Maurice Girodias @90
The cover states: “Ne doit pas etre exposé en étalage ou en vitrine,” in English that is: “Cannot be displayed in show window.”
Ah … the good old “sous le manteau” days
“I remember a very funny story told to me by Maurice. He once had to take the train to Belgium, where he needed to bring a great deal of money. He had hidden the money bills in his shorts. Once on the train, he was overcome by diarrhea and forgot to remove the money from his shorts when he went to the toilet with the unfortunate result of soiling this small fortune. He cleaned the money as best as he could and afterwards reserved those bills to use as — quite literally — dirty money.” —Sholem Stein
Girodias’s involvement with his father’s business started early. In 1934, at the age of 15, Girodias drew the disturbing crab picture seen on the original cover of Tropic of Cancer. After his father’s early death in 1939, Girodias took over publishing duties, and at the age of 20 managed to survive Paris, World War II, Occupation and paper shortages.
The Affaire Miller ended with Girodias out of jail, but bankrupt and no longer in control of his company.
Olympia Press was a Paris-based publisher, launched in 1953 by Maurice Girodias as a rebadged version of the Obelisk Press he inherited from his father Jack Kahane. It published a mix of erotic novels and avant-garde literary works, and is best known for the first print of Vladimir Nabokov‘s Lolita.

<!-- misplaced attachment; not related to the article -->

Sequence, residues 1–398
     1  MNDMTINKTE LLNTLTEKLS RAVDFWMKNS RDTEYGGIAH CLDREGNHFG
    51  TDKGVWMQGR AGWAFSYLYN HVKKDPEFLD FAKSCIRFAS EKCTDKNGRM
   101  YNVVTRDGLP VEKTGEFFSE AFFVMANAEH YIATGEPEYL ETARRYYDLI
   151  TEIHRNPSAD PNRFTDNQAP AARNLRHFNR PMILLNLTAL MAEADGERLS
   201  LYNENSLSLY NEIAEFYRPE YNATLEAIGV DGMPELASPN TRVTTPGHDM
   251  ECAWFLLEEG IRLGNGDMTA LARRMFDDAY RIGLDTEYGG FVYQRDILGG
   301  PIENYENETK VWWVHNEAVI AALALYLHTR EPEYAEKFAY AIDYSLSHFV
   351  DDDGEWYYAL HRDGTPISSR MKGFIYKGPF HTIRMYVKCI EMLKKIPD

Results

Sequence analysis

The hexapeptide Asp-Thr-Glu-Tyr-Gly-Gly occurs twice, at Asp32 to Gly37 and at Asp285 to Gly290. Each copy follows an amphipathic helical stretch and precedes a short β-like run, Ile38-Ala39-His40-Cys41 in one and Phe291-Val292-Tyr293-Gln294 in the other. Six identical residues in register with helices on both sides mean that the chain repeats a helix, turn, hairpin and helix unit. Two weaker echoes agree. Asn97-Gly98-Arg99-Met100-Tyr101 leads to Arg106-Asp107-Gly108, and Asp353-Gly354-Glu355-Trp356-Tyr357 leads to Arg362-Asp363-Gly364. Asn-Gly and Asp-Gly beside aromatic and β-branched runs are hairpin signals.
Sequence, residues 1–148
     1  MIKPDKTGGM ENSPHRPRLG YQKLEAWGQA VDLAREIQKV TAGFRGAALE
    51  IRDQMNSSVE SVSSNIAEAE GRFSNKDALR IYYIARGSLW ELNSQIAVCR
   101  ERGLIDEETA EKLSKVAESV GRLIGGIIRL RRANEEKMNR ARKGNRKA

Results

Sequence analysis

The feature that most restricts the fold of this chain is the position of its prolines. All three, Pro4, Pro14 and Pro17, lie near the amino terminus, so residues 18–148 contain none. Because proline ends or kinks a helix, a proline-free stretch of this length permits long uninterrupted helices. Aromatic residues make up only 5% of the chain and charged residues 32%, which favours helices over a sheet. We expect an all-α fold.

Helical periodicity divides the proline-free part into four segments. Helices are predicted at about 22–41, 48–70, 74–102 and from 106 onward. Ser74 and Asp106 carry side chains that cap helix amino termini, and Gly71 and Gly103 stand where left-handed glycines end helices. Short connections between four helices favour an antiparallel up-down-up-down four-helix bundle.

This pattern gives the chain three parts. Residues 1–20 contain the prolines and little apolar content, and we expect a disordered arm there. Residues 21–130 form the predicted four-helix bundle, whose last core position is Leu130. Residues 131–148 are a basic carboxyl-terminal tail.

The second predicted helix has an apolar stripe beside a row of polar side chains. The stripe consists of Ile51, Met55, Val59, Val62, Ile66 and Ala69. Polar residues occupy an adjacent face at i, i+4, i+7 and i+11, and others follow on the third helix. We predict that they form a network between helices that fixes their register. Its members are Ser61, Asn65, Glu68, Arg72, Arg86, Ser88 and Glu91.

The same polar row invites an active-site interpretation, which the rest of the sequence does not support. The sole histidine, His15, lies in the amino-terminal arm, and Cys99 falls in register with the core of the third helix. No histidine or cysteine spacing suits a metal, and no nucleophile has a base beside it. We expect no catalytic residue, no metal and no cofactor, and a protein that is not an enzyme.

Most, if not all, Olympia Press publications were promoted and packaged as “Traveller’s Companion” books, usually with simple text-only covers, and each book in the series was numbered.
Olympia Press was also the first publisher willing to print the controversial William S. Burroughs novel, Naked Lunch. Other notable works included J. P. Donleavy‘s The Ginger Man; the French trilogy Molloy, Malone Dies and The Unnamable by Samuel Beckett; A Tale of Satisfied Desire by Georges Bataille and Story of O by Pauline Réage.
English-language presses in Paris
The Enlish-language literary expatriates depended on the presence in Paris of a substantial number of English-language presses, periodicals, and bookstores. These small presses included such famous names as the Contact Press (of American poet Robert McAlmon), the Three Mountains Press (of Bill Bird), the Hours Press (of Nancy Cunard), the Black Sun Press (of Harry and Caresse Crosby), the Obelisk Press (of Jack Kahane), and the Olympia Press (of Maurice Girodias, son of Kahane).